Organic Solderability Preservative (OSP) is an ultra-thin organic final finish coating for copper pads on printed circuit boards (PCB), which provides protection from oxidation under a wide range of conditions. Several advantages like lower cost, easier processing, excellent coplanarity compared to metallic finishes has made OSP an attractive choice to PCB fabricators and assemblers. Solder joints formed on OSP has negligible tendency of electromigration as they do not contain any metallic impurity coming that may be present in case of other finishes.

OSP finish is being used in over 60% of all PCBs made today and it has proliferated into high reliability markets like automotive which have traditionally used metallized finishes. OSP coatings, however, have a few shortcomings as well. OSP coatings after exposure to one or more thermal excursions can become more challenging to solder especially in wave and selective soldering applications. For example, a thick multi-layered double-sided PCB coated with OSP that has been exposed to one or more SMT solder paste reflow cycles may experience reduced solder wetting or hole fill during subsequent through-hole soldering process. This poses a huge challenge to all the assemblers, especially while working with SAC alloys with higher operating temperature.

Solutions suggested by engineers and researchers to mitigate poor soldering performance on pre-reflowed OSP were limited to PCB and component design improvements or optimizing soldering process parameters. Some groups suggested to use more active fluxes, but these fluxes tend to leave corrosive residues and compromise electrical performance of the assembly. Keeping these challenges in mind, we have tried to understand the chemical changes OSP coatings undergo during thermal excursions and identify elements of soldering flux which will interact with such thermally exposed OSP to convert them into clean copper surface, which in turn will result into better solder wetting performance.

Characterization of OSP Coating

OSP coating is formed by dipping specially treated copper surface into a solution containing active OSP chemicals. During this process OSP molecules attach themselves on the copper surface by forming co-ordination bonds with surface metal ions as well as by electrostatic attraction. When OSP coated copper pads undergoes thermal exposures (baking or reflow), the oxide layer at the metal – organic interface gets thickened depending on the nature of the exposure (Figure 1).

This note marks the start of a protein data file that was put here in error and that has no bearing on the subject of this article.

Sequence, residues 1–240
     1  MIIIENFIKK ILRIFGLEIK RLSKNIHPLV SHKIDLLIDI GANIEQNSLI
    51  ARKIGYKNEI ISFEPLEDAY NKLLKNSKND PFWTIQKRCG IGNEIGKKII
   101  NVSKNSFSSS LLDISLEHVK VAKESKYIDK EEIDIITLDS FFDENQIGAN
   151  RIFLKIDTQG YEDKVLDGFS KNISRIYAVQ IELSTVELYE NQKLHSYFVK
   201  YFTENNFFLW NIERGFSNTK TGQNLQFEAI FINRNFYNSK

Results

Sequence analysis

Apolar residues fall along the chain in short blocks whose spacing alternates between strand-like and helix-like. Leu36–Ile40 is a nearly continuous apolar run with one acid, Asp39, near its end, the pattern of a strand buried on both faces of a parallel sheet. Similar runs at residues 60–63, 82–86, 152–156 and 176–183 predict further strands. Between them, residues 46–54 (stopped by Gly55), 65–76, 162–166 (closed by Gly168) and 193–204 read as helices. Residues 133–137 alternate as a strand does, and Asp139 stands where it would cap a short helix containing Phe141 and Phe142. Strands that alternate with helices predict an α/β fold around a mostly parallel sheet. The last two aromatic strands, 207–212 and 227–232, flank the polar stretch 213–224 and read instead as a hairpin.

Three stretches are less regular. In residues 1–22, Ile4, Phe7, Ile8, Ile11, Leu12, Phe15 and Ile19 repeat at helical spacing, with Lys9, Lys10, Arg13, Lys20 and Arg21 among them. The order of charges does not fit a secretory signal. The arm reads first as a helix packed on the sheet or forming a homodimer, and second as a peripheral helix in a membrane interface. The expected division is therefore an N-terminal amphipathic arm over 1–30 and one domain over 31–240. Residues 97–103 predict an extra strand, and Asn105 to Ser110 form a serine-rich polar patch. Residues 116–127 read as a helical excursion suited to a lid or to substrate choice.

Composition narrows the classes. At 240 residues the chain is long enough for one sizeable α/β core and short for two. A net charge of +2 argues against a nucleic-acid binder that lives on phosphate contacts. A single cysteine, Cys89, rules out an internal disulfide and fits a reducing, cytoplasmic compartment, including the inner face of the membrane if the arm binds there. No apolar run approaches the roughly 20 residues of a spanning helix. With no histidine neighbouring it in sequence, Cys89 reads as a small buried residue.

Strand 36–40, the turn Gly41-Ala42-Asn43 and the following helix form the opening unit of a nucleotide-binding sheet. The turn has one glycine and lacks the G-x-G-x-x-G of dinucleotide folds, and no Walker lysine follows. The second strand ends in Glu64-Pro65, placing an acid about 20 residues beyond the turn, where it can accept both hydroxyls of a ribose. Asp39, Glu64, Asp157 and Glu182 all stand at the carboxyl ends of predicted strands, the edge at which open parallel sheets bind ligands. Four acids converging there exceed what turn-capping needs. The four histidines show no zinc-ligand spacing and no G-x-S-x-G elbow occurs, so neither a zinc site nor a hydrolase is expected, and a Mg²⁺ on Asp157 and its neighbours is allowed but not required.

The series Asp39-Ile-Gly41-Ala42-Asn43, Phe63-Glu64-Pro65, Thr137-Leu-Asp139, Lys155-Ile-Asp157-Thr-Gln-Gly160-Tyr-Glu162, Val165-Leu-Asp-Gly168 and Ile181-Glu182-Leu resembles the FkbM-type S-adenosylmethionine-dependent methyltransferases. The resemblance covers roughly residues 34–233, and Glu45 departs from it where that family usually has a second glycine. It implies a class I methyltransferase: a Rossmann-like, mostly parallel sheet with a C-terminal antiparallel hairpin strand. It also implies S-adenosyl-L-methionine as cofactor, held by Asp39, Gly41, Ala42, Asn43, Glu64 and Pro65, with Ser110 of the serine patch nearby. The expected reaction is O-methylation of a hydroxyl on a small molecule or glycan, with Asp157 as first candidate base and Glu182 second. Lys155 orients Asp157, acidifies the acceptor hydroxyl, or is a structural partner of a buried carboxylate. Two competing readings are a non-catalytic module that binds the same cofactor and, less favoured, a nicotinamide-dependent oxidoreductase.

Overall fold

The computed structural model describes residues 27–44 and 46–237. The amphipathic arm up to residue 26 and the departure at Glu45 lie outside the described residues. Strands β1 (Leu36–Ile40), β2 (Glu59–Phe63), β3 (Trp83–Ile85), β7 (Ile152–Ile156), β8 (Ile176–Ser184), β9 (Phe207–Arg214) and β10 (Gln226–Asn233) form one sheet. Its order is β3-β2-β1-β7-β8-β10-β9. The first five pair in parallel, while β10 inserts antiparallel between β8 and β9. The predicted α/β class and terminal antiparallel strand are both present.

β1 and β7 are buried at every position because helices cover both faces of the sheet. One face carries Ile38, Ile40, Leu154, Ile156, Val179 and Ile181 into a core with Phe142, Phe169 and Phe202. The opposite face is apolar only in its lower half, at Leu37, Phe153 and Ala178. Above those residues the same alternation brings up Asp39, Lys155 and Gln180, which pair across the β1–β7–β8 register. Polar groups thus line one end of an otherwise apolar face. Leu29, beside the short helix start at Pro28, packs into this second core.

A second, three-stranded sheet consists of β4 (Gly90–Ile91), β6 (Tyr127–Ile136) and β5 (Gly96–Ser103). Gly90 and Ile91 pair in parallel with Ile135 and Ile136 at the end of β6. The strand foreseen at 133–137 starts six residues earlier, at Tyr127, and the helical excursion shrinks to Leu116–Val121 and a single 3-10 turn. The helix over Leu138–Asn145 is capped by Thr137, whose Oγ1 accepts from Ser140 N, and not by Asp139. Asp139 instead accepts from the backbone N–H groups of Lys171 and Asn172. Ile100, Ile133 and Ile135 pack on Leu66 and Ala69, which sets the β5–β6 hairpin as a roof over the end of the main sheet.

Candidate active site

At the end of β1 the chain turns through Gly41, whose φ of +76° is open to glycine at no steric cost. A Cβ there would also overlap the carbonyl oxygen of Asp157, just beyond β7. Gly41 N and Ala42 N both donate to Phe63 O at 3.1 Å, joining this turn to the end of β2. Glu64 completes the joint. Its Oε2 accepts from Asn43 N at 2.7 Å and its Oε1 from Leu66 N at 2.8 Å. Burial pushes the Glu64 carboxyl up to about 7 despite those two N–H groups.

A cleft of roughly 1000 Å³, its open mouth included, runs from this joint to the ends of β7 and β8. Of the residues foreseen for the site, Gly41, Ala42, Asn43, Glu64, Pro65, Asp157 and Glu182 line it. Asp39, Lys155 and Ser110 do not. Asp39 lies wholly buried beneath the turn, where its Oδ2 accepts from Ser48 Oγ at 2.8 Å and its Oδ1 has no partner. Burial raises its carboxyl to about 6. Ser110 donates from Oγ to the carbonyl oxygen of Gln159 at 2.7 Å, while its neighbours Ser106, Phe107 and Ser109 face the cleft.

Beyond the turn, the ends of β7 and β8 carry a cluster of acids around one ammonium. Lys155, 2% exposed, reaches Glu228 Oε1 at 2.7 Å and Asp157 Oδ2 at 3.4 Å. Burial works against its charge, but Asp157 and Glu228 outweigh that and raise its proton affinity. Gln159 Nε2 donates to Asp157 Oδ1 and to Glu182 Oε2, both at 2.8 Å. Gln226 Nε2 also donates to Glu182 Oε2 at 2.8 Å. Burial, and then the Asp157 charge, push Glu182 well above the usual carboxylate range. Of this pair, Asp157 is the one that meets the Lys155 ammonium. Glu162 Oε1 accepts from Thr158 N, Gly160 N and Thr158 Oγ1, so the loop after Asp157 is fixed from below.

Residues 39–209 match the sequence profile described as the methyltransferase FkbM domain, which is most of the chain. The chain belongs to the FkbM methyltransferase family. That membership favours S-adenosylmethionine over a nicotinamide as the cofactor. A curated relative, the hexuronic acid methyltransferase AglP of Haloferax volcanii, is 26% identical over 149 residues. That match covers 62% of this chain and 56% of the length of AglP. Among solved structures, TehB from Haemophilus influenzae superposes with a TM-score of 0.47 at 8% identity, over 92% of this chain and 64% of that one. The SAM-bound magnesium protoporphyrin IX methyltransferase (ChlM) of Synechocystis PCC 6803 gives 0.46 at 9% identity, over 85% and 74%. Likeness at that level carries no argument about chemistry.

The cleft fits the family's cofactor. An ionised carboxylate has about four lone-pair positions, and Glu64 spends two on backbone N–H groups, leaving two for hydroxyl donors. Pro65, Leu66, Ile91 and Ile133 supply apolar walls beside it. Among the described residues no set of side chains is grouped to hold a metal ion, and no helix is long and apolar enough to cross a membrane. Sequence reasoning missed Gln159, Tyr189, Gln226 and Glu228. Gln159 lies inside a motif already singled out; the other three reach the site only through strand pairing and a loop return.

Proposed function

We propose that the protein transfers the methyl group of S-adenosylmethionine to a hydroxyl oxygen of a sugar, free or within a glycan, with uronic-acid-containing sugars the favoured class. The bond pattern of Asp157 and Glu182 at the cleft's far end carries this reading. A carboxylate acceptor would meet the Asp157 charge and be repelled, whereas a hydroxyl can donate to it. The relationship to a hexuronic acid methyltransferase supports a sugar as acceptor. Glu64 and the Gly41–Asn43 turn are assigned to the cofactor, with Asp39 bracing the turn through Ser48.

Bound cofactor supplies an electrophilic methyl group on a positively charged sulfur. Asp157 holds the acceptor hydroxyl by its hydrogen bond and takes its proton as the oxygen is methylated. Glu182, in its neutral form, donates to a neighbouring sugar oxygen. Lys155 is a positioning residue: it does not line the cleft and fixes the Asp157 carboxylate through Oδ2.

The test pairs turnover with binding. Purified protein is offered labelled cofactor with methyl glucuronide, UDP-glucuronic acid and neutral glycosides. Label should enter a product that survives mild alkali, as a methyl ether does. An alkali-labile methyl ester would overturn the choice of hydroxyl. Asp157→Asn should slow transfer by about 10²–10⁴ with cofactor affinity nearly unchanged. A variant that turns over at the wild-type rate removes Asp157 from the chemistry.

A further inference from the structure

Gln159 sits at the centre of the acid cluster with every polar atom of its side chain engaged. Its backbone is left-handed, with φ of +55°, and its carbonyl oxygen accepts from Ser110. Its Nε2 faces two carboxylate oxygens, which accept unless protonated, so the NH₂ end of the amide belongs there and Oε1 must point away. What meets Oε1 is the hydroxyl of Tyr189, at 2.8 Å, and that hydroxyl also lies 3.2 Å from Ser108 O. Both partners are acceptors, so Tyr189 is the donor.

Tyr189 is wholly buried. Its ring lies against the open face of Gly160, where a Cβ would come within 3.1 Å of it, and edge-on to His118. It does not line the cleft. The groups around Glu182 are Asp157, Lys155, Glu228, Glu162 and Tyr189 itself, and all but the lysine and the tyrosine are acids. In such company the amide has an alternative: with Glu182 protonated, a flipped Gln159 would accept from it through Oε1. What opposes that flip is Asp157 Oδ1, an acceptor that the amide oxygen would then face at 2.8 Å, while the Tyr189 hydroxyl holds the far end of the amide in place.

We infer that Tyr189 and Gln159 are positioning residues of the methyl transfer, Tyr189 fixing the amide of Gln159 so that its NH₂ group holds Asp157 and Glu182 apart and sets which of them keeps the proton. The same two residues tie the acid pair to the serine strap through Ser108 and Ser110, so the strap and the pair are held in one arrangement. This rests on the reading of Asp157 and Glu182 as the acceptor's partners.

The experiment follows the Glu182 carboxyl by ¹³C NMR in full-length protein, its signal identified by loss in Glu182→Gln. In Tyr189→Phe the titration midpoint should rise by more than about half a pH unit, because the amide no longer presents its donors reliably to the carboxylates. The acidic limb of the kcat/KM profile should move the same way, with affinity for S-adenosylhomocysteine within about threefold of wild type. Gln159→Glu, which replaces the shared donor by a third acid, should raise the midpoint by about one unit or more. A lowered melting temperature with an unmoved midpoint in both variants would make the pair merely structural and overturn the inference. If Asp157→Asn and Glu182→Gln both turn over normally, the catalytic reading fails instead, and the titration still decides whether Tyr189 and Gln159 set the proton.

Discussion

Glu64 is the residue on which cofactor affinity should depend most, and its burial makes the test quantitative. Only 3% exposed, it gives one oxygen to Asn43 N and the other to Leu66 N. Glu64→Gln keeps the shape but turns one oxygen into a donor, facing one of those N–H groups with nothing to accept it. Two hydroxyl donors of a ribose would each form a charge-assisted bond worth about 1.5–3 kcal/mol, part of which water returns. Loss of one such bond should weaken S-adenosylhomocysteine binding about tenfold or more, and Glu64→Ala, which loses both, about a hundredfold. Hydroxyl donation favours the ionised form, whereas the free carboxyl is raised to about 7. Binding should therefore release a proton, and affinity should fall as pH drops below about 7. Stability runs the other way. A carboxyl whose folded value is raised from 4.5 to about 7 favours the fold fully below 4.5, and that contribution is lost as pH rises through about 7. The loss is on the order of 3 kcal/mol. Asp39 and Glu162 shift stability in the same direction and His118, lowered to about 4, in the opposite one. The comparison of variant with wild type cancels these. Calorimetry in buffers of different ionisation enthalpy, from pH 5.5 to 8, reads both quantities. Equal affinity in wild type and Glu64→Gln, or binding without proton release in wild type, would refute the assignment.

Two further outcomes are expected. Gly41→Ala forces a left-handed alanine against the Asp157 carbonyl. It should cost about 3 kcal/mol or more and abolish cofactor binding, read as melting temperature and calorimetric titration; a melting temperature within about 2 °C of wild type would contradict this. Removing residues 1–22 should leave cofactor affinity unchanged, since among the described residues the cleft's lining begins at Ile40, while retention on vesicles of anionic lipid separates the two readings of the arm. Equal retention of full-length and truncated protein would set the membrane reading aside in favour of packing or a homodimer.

Figure 1. Schematic diagram of oxide thickening at Cu – OSP interfaceFigure 1. Schematic diagram of oxide thickening at Cu – OSP interfaceThe oxide layer formed under different thermal conditions was quantified using Sequential Electrochemical Reduction Analysis (SERA). The results showed that the oxide layer consists of both Cu2O and CuO and its thickness increases with the increase in exposure temperature or time (Figure 2). The study also indicated that there may be a temperature range above which OSP coating softens and changes its morphology. During this transition coating becomes less protective and allows external gas (oxygen) to penetrates through it which in turn increases the oxide layer thickness.

Figure 2. Oxide thickness in OSP coating after different thermal excursionsFigure 2. Oxide thickness in OSP coating after different thermal excursionsWe have studied this morphology change of OSP coating by Atomic Force Microscopy (AFM). Three-dimensional AFM images (Figure 3) showed that as coated OSP surface consists of extensively large number of fine-grained micro-peaks which largely disappear after Pb-free reflow with the appearance of larger grain like features. This morphology change is not noticed when coupons are exposed to 165 °C or less, independent of exposure duration. These observations reinforce the hypothesis of coating softening above 165 °C suggested in SERA study.